VIEW: Animated map showing territorial progression of Washington, D.C.

    It was around this time that the beautiful and very accomplished, Daisy Kennedy was born in D.C. on January 4, 1879, she was the daughter of a former American slave and several years later in 1886, her future husband, James Edward Ellington moved to D.C. with his parents from the little Southern town, Lincolnton, North Carolina.  

    On January 3, 1898, James and Daisy were married and little did they know their union would produce one of the most prolific composers, bandleaders and pianist of all-time, Edward Kennedy "Duke" Ellington. Duke is to Washington what Louis Armstrong is to New Orleans or what Charlie Parker is to Kansas City. The elegance and sophistication of Duke’s musical genius was shaped and molded in Washington, DC, where the musician grew up influenced by the music of the early 20th century — ragtime, gospel and classical — before he began penning his own music compositions and forming his first dance bands while still in high school. In his early professional career years, he solidified his reputation as a solid composer and band leader along Washington, D.C.’s “lively” and “colorful” historic U Street entertainment district. It was a hot-bed for African American musical talent later known as “Black Broadway.” He performed in U Street’s stately theaters, after-hours nightclubs and its plentiful social halls on Saturday nights before moving to the Big Apple with his jazz orchestra in 1923.

    In his fifty-year career, he gave American music its own sound for the first time through his famed recordings that influenced millions of people both at home and abroad, where he played over 20,000 performances in Europe, Latin America, the Middle East as well as Asia. Enjoy this mobile storytelling tour and self-directed journey, “Native Roots: The Duke’s Washington”, a rewarding African American experience and historical time capsule of early D.C. Ellingtonia for avid fans of American music and those that continue to celebrate his unparalleled talent, contributions and cultural legacy.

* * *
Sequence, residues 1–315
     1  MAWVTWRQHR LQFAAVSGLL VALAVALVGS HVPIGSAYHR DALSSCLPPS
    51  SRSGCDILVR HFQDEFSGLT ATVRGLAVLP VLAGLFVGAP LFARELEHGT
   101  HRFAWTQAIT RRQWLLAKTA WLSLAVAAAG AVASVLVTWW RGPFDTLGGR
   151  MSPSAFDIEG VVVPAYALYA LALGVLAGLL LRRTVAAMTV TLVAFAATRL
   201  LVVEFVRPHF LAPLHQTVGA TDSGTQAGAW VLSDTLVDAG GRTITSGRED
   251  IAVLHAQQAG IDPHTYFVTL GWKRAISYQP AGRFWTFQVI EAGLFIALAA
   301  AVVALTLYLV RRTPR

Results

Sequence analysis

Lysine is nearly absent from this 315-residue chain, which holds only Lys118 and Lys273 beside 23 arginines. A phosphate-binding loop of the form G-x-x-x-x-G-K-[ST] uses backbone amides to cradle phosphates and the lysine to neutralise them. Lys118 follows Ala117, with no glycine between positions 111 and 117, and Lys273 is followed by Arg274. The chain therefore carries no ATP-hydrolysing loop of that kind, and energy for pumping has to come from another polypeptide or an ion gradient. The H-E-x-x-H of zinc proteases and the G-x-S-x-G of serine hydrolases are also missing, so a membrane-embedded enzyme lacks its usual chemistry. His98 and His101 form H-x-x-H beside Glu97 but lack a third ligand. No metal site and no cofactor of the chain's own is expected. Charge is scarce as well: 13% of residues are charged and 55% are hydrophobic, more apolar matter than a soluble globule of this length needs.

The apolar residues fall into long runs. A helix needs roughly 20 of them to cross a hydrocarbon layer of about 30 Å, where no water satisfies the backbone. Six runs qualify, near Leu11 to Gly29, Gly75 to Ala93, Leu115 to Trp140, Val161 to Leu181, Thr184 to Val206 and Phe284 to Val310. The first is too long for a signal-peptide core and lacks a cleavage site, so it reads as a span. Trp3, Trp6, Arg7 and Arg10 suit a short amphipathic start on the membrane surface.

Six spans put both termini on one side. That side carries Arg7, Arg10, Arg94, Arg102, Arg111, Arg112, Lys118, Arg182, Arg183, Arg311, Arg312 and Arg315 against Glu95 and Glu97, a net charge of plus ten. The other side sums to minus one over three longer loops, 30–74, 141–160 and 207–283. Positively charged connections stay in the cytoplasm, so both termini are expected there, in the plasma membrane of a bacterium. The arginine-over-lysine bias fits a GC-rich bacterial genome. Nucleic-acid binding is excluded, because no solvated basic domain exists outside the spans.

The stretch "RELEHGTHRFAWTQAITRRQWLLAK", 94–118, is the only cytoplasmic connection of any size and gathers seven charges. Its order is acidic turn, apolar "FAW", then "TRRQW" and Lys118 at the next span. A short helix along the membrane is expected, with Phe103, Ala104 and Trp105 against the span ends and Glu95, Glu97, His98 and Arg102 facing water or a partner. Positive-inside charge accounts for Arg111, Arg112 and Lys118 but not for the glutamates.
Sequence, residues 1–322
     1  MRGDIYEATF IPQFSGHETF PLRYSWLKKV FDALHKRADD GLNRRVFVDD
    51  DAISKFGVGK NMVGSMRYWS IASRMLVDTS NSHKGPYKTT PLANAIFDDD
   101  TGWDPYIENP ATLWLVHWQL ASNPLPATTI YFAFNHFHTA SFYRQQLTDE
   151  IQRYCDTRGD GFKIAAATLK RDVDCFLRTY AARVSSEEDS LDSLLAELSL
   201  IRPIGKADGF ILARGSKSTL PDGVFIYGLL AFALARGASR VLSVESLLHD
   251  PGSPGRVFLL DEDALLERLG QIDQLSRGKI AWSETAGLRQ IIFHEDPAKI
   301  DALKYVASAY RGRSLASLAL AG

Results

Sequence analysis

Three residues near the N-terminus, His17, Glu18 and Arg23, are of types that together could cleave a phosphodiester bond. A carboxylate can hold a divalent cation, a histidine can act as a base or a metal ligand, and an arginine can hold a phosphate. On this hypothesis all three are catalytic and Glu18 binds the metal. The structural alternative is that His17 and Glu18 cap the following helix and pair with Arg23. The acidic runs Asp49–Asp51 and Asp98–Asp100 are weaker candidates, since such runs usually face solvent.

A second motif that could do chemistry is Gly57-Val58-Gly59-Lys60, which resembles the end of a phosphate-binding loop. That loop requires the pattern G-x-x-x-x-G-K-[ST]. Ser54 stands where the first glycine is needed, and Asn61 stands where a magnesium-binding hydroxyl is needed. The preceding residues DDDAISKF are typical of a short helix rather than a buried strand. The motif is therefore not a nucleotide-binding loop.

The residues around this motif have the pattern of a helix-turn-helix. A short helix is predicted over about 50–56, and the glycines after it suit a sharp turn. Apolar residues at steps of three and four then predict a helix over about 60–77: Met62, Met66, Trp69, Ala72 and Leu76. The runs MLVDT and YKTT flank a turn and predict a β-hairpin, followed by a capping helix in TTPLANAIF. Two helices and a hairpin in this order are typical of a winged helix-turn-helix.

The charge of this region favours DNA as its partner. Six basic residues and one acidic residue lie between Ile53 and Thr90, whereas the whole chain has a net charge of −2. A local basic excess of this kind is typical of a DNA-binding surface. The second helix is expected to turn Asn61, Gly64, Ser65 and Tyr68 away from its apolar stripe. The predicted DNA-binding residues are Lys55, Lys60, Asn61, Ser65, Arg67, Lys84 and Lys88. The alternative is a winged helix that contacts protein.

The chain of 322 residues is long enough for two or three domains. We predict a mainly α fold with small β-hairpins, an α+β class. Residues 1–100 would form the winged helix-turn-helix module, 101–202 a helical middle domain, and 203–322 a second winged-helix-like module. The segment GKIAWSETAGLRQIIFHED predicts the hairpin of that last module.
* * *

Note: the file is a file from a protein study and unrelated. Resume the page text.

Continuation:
Duke Soundscape: "Washington Wobble" (Public Domain)

    LISTEN: Duke Soundscape featured on this tour via archives.org

     

     

Reviews

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  • Star B.

    5 out of 5 rating 02-05-2017

    OMG! I learned about Duke Ellington's early ties to U Street's Black Broadway and his hometown, Washington, DC on this tour. Great to know this Duke history, because all you ever hear about is his Cotton Club years. Awesome tour and superbly done!!

  • Yvonne

    5 out of 5 rating 10-03-2016

    Fantastic mobile story tour! This is a great app -- the Duke Ellington's Washington stories, locations and people featured really make you want to explore the black experience in our nation's capital beyond the Smithsonian's NMAAHC on the mall. The story is well done and the images as well as the narration are well done! Kudos to the Black Broadway on U project!

  • Valerie

    5 out of 5 rating 09-27-2016

    I took your tour this evening and discovered a lot of things that I didn't know about Duke's early years in D.C. The is great info for native Washingtonians and visitors to the city. BTW, I visited the official Duke Ellington website and there isn't much listed on their about his old D.C. stomping grounds. Great tour!!

  • Jelani

    5 out of 5 rating 09-25-2016

    Amazing #DukesWashington #storytelling tour! Until now...I had no idea that Duke Ellington was born in Washington, D.C.! WOW! Thanks Black Broadway on U, www.blackbroadwayonu.com!

  • Shell H.

    5 out of 5 rating 09-25-2016

    This remembering #DukesWashington #storytelling tour is an amazing way to discover and learn about his #DC musical roots before Harlem! #dukeellington #freedomsounds #APeoplesJourney #BlackBroadwayonU